When Giovannetti proposed increasing those two limitations, he asked, “Any takers?” If he included all fixed dollar amounts and not just those two, and agreed to dispose of the low capital gains rate and capital loss limitation band-aids, then I’m on board. For that idea, there isn’t any red or blue.

Tuesday, May 03, 2022

How Not to Enact Infrastructure Taxes 

About a week ago, reader Morris directed me to story about a proposed tax. Thanks to being busy with other things, it’s just now that I can elaborate on my reply to reader Morris. My response to him was brief, and included this sentence: “It is a stupid idea.” Now I have time for the longer response.

The proposal, made by a member of Pittsburgh’s city council, would impose a one percent tax on college and technical school tuitions and medical bills in the city. Would the proceeds be used to help pay tuition for students from economically deprived backgrounds? No. Would the proceeds be used to help defray medical costs incurred by low-income individuals? No. The proceeds would be used to fund infrastructure. The tax would apply to the amount of medical bills before reduction by insurance payments.

Now, funding infrastructure is not a stupid idea. It’s necessary, and as readers of this blog know, I support increased in infrastructure funding because if infrastructure fails, people die, people are injured, the economy suffers, and the nations spirals even faster into disaster.

The question is who should pay for infrastructure? The answer is simple. It should be funded by those who use it and those who benefit from it. Of course, everyone benefits from infrastructure, so the challenge is figuring out how to apportion the cost of infrastructure among the population. Singling out two groups of people, many of whom are not in a position to handle a one percent increase in their living costs, is the stupid part of the idea. The outrageous part of the idea is imposing a one percent tax on someone’s $100,000 cancer treatment invoice even though insurance covers the entire $100,000.

One critic of the bill, Pittsburgh’s city controller, suggests that the proposal should be ditched and replaced with some sort of tax or user fee on non-profit medical facilities and higher-education institutions. If infrastructure in the city is funded with a tax from which those institutions are exempt, the controller’s idea has validity. But what about other non-profit institutions in the city? Why not include them? Why focus on institutions providing two of the most essential services required by people, that is, education and health? Why exempt non-profit institutions that are providing other essential services such as environmental protection? And why exempt non-profit institutions providing services that aren’t as essential as health?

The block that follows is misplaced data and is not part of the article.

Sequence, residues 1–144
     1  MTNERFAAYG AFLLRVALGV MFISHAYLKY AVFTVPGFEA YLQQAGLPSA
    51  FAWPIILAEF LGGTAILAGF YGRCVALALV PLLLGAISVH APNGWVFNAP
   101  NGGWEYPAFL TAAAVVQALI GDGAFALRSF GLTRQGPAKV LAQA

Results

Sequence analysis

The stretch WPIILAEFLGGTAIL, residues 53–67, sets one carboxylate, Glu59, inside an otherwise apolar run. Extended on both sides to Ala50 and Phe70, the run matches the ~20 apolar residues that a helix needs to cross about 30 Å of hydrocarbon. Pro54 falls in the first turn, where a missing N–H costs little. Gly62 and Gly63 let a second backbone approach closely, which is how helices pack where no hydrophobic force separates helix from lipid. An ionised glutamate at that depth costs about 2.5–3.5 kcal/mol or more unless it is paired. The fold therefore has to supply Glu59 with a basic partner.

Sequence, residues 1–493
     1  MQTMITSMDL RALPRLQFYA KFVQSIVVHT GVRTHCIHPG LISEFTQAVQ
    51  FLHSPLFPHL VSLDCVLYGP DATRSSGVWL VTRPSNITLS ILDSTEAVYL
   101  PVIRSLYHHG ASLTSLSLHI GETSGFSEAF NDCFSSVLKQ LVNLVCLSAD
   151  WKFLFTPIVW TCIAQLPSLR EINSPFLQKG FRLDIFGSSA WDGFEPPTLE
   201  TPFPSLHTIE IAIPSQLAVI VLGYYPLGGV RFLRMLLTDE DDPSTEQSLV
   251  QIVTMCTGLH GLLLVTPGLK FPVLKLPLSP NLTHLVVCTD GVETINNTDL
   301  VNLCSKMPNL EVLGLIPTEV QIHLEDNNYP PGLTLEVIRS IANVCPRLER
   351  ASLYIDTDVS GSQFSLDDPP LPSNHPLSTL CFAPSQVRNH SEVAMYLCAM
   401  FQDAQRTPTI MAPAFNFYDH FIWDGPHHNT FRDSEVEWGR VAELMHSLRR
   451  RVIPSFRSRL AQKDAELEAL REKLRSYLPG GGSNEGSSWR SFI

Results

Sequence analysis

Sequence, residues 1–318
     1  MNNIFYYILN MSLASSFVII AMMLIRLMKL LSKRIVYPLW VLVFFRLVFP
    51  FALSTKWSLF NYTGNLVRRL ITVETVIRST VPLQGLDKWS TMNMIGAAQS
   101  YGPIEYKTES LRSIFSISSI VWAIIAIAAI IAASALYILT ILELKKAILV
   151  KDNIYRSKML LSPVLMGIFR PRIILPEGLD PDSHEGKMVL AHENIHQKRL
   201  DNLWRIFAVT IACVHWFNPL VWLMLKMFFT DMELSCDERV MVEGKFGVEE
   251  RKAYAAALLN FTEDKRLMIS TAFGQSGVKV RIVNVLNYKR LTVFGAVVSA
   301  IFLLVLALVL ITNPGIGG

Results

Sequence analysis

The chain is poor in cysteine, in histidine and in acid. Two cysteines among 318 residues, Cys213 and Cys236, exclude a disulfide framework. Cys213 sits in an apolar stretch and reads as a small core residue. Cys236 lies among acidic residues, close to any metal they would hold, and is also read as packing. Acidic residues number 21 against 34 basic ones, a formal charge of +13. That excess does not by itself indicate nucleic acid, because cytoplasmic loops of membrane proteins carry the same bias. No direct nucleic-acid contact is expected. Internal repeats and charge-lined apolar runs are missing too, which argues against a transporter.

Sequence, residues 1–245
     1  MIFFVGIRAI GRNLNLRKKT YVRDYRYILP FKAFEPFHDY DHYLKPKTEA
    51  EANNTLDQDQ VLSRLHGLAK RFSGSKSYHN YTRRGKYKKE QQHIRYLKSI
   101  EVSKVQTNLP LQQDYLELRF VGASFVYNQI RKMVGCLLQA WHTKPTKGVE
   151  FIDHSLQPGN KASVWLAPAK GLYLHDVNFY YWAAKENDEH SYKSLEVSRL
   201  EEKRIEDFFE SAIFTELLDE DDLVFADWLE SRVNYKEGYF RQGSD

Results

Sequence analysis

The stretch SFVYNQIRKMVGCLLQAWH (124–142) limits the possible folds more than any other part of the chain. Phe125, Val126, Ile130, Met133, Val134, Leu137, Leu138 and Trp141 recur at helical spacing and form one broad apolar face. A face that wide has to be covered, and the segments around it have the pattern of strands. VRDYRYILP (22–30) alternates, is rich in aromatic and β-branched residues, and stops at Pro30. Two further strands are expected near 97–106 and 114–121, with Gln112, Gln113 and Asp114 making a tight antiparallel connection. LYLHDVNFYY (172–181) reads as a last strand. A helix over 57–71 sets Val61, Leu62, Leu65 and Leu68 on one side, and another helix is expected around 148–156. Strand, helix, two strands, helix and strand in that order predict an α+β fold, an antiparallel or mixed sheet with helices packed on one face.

Another critic suggested that the proposal was unworthy of support but at least served as a conversation starter. In all fairness, perhaps that was the goal of the council member who introduced the bill, though there are better ways to start conversations. At least now that council member has a way to ease out of the predicament in which he finds himself.

On top of the policy and fairness question, there is the not-so-slight legal obstacle. The tax is in the form of a sales tax, and a second-class city in Pennsylvania, which is how Pittsburgh is characterized by the legislature, has not been given authority to enact a sales tax.

Back to the drawing board they must go. It will be interesting to see what the next proposal turns out to be.

Wednesday, April 20, 2022

Half-Baked Gasoline Tax Reduction Idea 

In previous commentaries, I have explained that suspending liquid fuel taxes in an effort to compensate for market fluctuations is a bad idea. I have explained why it is dangerous and foolish to reduce or suspend fuel taxes when gasoline or diesel prices rise in posts such as Potholes: Poster Children for Why Tax Increases Save Money, When Tax Cuts Matter More Than Pothole Repair, Funding Pothole Repairs With Spending Cuts? Really?, Battle Over Highway Infrastructure Taxation Heats Up in Alabama, When Tax and User Fee Increases Cost Less Than Tax Cuts and Tax Freezes, Road Taxes and User Fees as a Form of Pothole Insurance , and Death as a Price for Taxes and User Fees, Suspending the Federal Gasoline Tax Won’t Blunt Inflation And Will Harm Some People, Suspending a State Gasoline Tax Sticks It to the Dealers, and Fuel Tax Reductions and Suspensions: Negative Impacts Even Wider Than Previously Discussed. Though the focus generally was on the federal gasoline tax, the same arguments apply to state taxes on gasoline and diesel fuel.

Now a candidate for governor of Pennsylvania, Bill McSwain, has promised to permanently cut the state’s gasoline tax by 50 percent. Two of the first questions that popped into my head, and that hopefully pop into the heads of every Pennsylvanian past the age of ten, is this: Does this mean cutting in half funding for the repair and maintenance of state highways, bridges, and tunnels? Does it mean eliminating the payment of state fuel tax revenue to the state police to fund police protection for towns whose residents are unwilling to pay for those services and prefer that the state’s motorists do so?